Turkey starts trying top military officers in landmark coup trial

A Turkish court began hearing a landmark case against some 200 soldiers, among them senior commanders, charged over an alleged 2003 plot to topple the ruling government.

Turkey starts trying top military officers in landmark coup trial

A Turkish court Thursday began hearing a landmark case against some 200 soldiers, among them senior commanders, charged over an alleged 2003 plot to topple the ruling government.

The trial started in a huge courtroom inside a prison complex in Silivri, a town near Istanbul, with a judge confirming the identities of the suspects.

The most high-profile defendants present in the courtroom were the alleged mastermind of the coup plot, retired general Cetin Dogan, as well as the former chiefs of the navy and the air force, Ozden Ornek and Ibrahim Firtina.

The Sledgehammer plot is said to have included the bombing of two major mosques in Istanbul, an attack on a military museum by people disguised as "Muslim fundamentalists" and the provocation of military tensions with neighbouring Greece.

It is alleged that these events would have thrown the country into chaos, allowing the military to declare a state of emergency and overthrow the government of Prime Minister Recep Tayyip Erdogan's ruling AK Party.

Detentions of the suspects after the coup plans came to light were the first in Turkish history of such high-ranking officers, who were previously considered "untouchable." All of the suspects were later released until the trial.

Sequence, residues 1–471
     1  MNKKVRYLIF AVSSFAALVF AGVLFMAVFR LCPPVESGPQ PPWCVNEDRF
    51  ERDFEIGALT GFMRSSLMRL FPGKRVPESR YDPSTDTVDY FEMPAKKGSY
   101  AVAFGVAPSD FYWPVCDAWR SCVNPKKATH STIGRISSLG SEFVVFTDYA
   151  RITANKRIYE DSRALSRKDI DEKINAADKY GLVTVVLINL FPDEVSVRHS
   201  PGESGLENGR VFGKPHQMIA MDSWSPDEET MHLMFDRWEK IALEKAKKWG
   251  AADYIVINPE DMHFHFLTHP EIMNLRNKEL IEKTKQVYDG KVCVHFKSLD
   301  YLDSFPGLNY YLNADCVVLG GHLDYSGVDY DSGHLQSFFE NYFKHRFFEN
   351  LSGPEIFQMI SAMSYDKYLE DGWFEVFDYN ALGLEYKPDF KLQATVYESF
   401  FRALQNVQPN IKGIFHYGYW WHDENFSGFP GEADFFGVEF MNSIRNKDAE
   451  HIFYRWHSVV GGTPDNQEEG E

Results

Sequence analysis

The defendants, important figures in NATO's second biggest army, deny any conspiracy and say scenarios discussed at a military seminar seven years ago were merely a war game exercise.

On Tuesday the Supreme Board of Judges and Prosecutors (HSYK) announced that it was replacing the chief judge in the Sledgehammer case because of allegations by the ministry of justice that he had ties to suspects in the Ergenekon trial, as well as connections to a drug ring and prostitution activities.

However, the timing of the chief judge's reassignment, just two days before the start of the trial, drew criticism and speculation.

Retired General Cetin Dogan, the former head of the First Army region as lead author of the coup plan is the main suspect.

"When the time comes in court for the defence I will say that this case does not have a legitimate basis," General Dogan said.

"I am very relaxed. I am on the right side and have never been on illegitimate ground. I am not a man of coups," he said before entering the court, which is located in a prison complex.

All but 10 of the defendants attended the hearing.

Hundreds of defendants, many perceived as hardline secularists, are already on trial at the same court in connection with a series of alleged coup plots allegedly orchestrated by the shadowy Ergenekon network.

The officers in the Sledgehammer case, who are not being held in custody, face jail sentences of 15-20 years if found guilty of plotting to destabilise the government.

Interest in the case was reawakened this week by a police raid on a naval base, which local media reports say led to the confiscation of documents that will be used as evidence.

The trial comes a little over six months before a parliamentary election. Erdogan is widely expected to win a third consecutive term.

The army has toppled four civilian governments since 1960.


Agencies

Last Mod: 16 Aralık 2010, 13:59
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